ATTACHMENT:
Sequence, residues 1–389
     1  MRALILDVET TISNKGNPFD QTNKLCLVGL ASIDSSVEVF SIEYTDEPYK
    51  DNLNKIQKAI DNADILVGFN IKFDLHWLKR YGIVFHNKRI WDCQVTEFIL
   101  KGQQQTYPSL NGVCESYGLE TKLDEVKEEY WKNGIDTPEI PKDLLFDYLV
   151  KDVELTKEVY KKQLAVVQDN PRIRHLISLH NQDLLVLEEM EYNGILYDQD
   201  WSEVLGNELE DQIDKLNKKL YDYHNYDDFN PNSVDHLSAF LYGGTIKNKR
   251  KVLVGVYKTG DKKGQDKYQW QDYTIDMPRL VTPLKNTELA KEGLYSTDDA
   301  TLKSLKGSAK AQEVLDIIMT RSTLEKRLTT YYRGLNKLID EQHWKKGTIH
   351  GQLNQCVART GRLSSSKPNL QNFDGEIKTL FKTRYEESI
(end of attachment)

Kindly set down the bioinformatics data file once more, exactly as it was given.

Sequence, residues 1–389
     1  MRALILDVET TISNKGNPFD QTNKLCLVGL ASIDSSVEVF SIEYTDEPYK
    51  DNLNKIQKAI DNADILVGFN IKFDLHWLKR YGIVFHNKRI WDCQVTEFIL
   101  KGQQQTYPSL NGVCESYGLE TKLDEVKEEY WKNGIDTPEI PKDLLFDYLV
   151  KDVELTKEVY KKQLAVVQDN PRIRHLISLH NQDLLVLEEM EYNGILYDQD
   201  WSEVLGNELE DQIDKLNKKL YDYHNYDDFN PNSVDHLSAF LYGGTIKNKR
   251  KVLVGVYKTG DKKGQDKYQW QDYTIDMPRL VTPLKNTELA KEGLYSTDDA
   301  TLKSLKGSAK AQEVLDIIMT RSTLEKRLTT YYRGLNKLID EQHWKKGTIH
   351  GQLNQCVART GRLSSSKPNL QNFDGEIKTL FKTRYEESI